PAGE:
Photo: Nir Shmul. From left to right: Anat Bonshtien, Rutie Adar, Michal Vakrat Wolkin, Danielle Holtz and Yahal Zilka

Israel has quickly established itself as one of the leading countries working on automated driving and the future of mobility. At the Autonomous Tech 2018 conference in Tele Aviv this commitment was on full display, bringing together a wide-ranging group of speakers and attendees to interact, learn, and share knowledge between Israel and the industry leaders from South Korea, the U.S., France, Germany, and around the world

According to the Israel Innovation Authority, some 500 companies in Israel are currently engaged in smart transportation fields, such as ride sharing, connected cars, electric vehicles and autonomous driving systems. The Israeli smart mobility sector reached $22 billion over the last five years, according to a report by Roland Berger.

“The technological and social challenges of automotive disruption have created a great opportunity for the entire industry,” Rutie Adar, head of Samsung Strategy and Innovation Center in Israel, said on stage during the panel “Autonomous Tech – from Investors Viewpoint”. Rutie was joined by Anat Bonshtien, Chairman and Director, Fuel Choices & Smart Mobility Initiative, Prime Minister’s Office; Michal Vakrat Wolkin, Head of Israel Office, Lear Corporation; Danielle Holtz, Director of business development, Maniv Mobility; and Yahal Zilka, managing partner, Magma Ventures.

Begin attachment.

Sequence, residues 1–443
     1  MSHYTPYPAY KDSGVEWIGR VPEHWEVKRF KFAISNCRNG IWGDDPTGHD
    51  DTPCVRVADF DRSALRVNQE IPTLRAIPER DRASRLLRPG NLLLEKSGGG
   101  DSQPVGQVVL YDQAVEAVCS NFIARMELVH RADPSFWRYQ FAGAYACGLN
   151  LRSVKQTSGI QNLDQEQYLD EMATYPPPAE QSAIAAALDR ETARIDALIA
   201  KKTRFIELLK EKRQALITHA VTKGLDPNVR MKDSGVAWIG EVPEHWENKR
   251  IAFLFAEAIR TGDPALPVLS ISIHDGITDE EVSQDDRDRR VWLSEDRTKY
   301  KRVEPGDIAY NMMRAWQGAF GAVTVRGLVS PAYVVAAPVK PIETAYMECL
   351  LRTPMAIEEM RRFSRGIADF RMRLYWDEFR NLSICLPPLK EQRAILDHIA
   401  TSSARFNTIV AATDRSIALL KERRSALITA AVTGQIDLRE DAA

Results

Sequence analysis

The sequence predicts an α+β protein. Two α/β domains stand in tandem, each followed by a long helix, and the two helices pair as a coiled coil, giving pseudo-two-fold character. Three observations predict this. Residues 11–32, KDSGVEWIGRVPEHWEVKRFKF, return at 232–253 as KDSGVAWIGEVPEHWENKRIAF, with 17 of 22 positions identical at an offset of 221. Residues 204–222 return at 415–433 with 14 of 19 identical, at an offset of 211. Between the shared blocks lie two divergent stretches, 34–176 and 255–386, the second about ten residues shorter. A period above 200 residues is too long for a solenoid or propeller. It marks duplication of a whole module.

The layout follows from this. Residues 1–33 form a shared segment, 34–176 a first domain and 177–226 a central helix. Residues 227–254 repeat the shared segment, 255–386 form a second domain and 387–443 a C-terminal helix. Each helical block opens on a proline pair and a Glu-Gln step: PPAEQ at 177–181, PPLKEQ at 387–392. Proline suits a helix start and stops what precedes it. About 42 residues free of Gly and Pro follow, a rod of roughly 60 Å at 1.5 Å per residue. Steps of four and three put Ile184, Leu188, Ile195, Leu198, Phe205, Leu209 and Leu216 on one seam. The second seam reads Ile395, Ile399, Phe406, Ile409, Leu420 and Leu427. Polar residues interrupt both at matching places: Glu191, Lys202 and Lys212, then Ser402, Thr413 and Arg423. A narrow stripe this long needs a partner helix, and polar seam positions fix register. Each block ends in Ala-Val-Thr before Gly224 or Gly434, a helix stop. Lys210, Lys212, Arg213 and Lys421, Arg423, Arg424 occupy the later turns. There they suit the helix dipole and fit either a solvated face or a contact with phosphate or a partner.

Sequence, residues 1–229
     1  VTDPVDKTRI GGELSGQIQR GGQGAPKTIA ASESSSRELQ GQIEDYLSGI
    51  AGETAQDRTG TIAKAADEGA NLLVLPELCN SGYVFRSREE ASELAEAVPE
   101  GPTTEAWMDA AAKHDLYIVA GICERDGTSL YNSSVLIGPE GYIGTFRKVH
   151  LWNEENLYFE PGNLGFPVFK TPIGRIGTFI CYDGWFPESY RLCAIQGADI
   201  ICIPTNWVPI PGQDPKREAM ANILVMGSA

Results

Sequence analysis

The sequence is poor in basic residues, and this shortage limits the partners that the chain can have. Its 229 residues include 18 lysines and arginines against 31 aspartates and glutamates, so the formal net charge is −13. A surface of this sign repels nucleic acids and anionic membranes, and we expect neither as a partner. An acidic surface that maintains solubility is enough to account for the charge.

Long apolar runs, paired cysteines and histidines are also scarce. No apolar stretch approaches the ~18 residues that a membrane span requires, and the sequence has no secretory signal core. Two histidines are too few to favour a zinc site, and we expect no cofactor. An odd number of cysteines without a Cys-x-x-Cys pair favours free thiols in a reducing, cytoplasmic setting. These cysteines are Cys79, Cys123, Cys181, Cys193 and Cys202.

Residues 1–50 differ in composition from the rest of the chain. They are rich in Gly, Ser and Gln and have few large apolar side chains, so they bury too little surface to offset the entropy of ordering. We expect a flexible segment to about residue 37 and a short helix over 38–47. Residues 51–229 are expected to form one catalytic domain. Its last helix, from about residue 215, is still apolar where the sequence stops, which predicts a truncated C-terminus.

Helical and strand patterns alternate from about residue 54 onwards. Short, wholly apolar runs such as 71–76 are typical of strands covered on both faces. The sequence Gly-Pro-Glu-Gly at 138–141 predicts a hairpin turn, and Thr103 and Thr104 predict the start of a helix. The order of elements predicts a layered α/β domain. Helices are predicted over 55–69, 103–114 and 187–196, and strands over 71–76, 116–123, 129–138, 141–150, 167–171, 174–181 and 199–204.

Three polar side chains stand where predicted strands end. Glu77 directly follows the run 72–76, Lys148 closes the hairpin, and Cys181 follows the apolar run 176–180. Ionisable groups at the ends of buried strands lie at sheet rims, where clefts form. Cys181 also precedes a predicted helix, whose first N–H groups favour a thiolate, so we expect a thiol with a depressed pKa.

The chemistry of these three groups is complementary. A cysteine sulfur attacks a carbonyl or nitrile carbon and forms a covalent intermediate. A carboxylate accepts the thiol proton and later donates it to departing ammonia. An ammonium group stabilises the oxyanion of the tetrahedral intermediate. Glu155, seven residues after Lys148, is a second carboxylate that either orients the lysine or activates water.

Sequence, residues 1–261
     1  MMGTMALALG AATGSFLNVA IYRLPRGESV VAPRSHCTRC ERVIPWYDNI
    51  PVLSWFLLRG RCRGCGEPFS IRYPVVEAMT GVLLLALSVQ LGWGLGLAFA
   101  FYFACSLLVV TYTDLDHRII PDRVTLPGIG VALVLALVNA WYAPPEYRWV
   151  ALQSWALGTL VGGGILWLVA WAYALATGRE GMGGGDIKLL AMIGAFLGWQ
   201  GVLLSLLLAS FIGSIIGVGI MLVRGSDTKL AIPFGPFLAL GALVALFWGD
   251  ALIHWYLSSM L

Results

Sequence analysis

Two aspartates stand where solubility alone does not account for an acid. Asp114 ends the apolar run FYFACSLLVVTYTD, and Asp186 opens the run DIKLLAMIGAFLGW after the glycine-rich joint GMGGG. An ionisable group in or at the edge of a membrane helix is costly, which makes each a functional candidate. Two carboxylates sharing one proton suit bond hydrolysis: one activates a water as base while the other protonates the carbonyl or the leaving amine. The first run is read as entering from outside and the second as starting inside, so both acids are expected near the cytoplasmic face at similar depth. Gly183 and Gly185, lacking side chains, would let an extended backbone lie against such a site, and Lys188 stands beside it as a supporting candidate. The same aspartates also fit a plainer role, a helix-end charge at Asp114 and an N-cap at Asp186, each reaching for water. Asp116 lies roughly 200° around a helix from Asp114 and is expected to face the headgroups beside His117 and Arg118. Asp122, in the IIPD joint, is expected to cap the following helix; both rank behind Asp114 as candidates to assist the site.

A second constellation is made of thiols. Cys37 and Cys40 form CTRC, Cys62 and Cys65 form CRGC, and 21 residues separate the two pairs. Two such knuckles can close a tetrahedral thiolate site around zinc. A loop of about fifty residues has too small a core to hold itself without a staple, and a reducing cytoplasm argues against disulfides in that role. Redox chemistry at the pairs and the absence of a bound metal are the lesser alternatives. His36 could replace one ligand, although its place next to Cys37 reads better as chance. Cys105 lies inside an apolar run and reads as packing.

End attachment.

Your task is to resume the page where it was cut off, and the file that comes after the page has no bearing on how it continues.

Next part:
“Automotive investments started with the basics, first investing in the best sensors and perception algorithms, then into compute to enable machine vision in the car,” Adar said. “Now, focus has shifted towards how safe the driving would be in order to enable wide adoption, and investments that go into simulation, validation, big data and protection.”

Connected cars generate a massive amount of data, ranging from driver behavior to navigation to traffic and beyond, Adar said. “This data is valuable and will enable new services, starting from user-based insurance, through fueling as a service, and all the way to smart cities. Investments will help enabling this emerging segments.”

According to Adar, in order to sell to the automotive OEMs and Tier 1 suppliers, startups need to develop automotive know-how that’s different from other tech industries. “Find either an advisor or a full-time person from the automotive industry to gain the required DNA,” Adar advised.

“More than 40 countries sent representatives to the conference and about 2,000 people took part in the conference,” said Bonshtien of the Prime Minister’s office. “The representatives of the major companies are basically Gate Openers for the Israeli startups.”

“Samsung believes that for true innovation to succeed we need to reach out to the best talents and work in collaboration,” Adar said. “In recent years we have invested in quite a few companies in the automotive domain and some of them here in Israel. Our mission is to facilitate fruitful collaboration between these companies and Samsung’s very diverse systems and product lines. We believe that One plus One always gives more than Two… Our Israeli team’s relationship with these young companies is beyond pure investment. We are assisting in the growth of the companies we invested in and we serve as a bridge between them and Samsung.”

“Samsung and its team in Israel are a good example of how to really work with startups,” said Holtz from Maniv Mobility. “Samsung knows how to promote innovation and Samsung’s local team is a very important link in the success of this connection.”